• Establish good relationships. Go around and shake some hands. Make yourself known as an intern and feel free to share some of the goals you have in mind for this summer. If you are working at a university, use this avenue to connect on a much deeper level with professors and faculty (Most really like hearing your ambitions and questions, I promise) If you are at a company, talk to some people in jobs you aspire to have, and reach out to HR or whoever could be in charge of job positions and hiring in your future.
  • Keep a weekly schedule. Make a log of what you are doing every day. If you are doing the same thing every day, try to take note of something new you saw or learned, or a new person you met. By the end of your internship you should have a pretty detailed summary of what happened. This summary could prove very helpful for future interviews when you are asked to explain your internship experience.
  • Find yourself tasks. You might not be assigned work for long periods of time, but scrolling on Facebook is not what you came here to do. Find some reading related to your internship field. Look at what others around you are doing and think of more creative ways to approach the task. Think of your free time as an independent study course. If nothing else, make a little project for yourself relating your internship to something specific in your interests. Silly or practical, it will force you to think about the broader implications of this little internship or field you chose to work in.
  • Follow up. Reply quickly, send thank you’s, and always be courteous.
  • Take a training course. Many tech related companies have online training available for different software, management skills, etc. that are provided free of charge that are a really productive way to fill your time when you are in between tasks. Even if the company or university does not have free training, you can always take to google and do some searching for free resources related to your interests (my go to is study.com)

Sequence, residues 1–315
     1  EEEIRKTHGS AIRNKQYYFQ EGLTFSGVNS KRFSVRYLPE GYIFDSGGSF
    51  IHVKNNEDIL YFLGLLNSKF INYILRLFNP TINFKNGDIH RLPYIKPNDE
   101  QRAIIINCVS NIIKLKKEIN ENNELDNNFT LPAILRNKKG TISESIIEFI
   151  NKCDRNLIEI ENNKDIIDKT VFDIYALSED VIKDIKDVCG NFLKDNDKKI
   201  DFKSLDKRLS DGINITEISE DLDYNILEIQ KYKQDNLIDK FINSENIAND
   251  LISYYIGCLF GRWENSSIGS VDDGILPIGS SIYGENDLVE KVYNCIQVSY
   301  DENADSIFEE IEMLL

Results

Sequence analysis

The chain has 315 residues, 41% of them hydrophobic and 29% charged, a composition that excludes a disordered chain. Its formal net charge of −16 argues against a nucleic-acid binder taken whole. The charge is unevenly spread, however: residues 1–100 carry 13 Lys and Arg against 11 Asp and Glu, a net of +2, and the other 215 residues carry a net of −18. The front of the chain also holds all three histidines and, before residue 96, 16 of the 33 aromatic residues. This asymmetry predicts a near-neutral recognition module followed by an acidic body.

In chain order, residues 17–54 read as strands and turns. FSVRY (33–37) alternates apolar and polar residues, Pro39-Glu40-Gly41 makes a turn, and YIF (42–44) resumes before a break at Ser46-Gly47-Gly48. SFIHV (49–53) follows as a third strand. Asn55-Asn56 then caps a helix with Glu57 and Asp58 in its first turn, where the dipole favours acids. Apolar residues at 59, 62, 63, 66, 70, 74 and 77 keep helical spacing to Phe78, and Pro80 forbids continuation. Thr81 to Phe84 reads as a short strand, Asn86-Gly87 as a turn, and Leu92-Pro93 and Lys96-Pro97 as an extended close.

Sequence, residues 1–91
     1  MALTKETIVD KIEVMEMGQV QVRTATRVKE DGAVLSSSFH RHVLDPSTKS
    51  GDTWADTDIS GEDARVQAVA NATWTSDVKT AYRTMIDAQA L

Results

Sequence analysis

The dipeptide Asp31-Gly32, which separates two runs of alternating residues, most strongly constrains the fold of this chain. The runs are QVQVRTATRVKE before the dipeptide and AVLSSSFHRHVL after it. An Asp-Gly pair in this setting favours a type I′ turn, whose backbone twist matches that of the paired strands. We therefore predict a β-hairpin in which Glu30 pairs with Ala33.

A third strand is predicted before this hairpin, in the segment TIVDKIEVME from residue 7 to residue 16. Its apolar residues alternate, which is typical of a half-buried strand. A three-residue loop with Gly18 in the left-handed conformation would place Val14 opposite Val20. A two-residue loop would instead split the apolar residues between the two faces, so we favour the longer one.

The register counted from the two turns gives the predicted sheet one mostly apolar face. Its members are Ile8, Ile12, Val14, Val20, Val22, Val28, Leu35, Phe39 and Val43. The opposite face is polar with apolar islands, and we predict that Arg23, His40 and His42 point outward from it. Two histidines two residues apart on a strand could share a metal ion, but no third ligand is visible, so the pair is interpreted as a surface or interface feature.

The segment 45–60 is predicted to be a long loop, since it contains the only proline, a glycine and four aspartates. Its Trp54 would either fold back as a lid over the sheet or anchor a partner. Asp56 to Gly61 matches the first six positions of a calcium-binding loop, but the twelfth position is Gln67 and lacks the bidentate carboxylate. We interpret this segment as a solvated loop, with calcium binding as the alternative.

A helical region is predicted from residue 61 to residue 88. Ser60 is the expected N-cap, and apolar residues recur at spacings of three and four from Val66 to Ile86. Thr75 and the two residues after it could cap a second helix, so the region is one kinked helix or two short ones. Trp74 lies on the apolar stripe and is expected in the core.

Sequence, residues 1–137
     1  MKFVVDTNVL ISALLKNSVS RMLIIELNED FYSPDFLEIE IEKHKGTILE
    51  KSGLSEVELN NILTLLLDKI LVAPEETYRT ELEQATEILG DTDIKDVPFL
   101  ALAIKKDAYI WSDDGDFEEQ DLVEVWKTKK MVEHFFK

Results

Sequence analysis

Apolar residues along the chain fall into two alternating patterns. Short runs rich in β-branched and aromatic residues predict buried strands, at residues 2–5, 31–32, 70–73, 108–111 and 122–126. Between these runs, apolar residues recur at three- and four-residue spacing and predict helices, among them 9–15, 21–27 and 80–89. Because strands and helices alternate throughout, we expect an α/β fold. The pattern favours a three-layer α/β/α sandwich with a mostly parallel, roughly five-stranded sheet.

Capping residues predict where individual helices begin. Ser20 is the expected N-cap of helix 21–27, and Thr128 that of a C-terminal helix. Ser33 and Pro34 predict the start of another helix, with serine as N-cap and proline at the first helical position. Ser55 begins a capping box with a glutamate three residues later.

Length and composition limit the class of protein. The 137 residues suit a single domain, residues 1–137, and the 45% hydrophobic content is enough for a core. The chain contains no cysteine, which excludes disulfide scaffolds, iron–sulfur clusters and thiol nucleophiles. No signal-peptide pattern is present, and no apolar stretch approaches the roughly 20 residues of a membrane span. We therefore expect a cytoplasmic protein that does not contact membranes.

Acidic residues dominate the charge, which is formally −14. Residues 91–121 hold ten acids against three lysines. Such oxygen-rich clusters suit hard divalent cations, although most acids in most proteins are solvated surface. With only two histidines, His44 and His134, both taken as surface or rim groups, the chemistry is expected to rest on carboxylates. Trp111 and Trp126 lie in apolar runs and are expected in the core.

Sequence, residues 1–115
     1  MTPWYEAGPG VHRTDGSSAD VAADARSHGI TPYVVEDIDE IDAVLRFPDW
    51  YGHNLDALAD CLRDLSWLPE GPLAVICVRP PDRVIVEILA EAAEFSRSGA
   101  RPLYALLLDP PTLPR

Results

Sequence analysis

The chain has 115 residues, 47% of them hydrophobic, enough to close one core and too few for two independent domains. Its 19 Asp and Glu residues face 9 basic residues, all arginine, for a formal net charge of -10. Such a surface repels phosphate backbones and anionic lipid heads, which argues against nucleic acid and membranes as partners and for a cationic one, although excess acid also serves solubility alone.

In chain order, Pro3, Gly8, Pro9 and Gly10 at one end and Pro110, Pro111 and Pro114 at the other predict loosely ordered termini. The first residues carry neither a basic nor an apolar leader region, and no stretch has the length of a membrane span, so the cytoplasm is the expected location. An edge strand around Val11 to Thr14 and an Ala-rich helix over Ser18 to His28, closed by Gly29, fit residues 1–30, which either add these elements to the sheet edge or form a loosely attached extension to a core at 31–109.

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Hopefully, the process of creating a combination between accomplishing tasks, finding your own motivation, and learning how to be a professional or an academic will allow you to grow immensely during your time as an intern. If you are treated as a coffee mule for the office,  but never express interest in doing more or giving suggestions on potential tasks for yourself, you are equally to blame for the misuse of your time and skills.

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What are some of the biggest lessons you learned as an intern? Comment below!

Good luck and remember that adults are allowed to have fun too 🙂

 

My internship at DONG Energy

In December of 2016, my mom suggested I look into a Danish company leading the charge in green energy which my dad was making software for. The company, unfortunately titled, was DONG Energy, and after a very lucky chance, I arrived in Copenhagen on June 16th, ready to start as a summer intern.

Three months later, it is time for me to leave.

First, a little background on the company. DONG Energy is Denmark’s leading energy supplier, and is quickly developing the reputation of the worlds leaders in offshore wind farming. They manage offshore wind farms all over Denmark, the UK, and now two in Germany. And seriously, offshore wind farming is SO COOL. The company employs over 6,000 people and is wholeheartedly devoted to reducing emissions, leading in innovations, and providing an unmatched working environment.

SO, what was I doing there? I started under the ambiguous title of ‘external consultant’ but was added onto the GIS team within the IT department. One of my majors, physical geography, gave me a year of baseline GIS, Matlab, and Python experience. My second major, Atmospheric and Oceanic Science, sparked my interest in green energy and environmental engineering. With my limited background but unlimited interest and enthusiasm, I was assigned tasks focused on applications involving wind farming and online capabilities.

I will not dive into the specifics of what my individual projects entailed, but I will say I had actually challenging and engaging work, and I never felt like a second-rate employee just because I was a college intern. I had endless support on my team. It was challenging at times, but it made the victories so much sweeter.Even the breakfast and lunch in the company cafeteria were bar none. How could I not fall in love?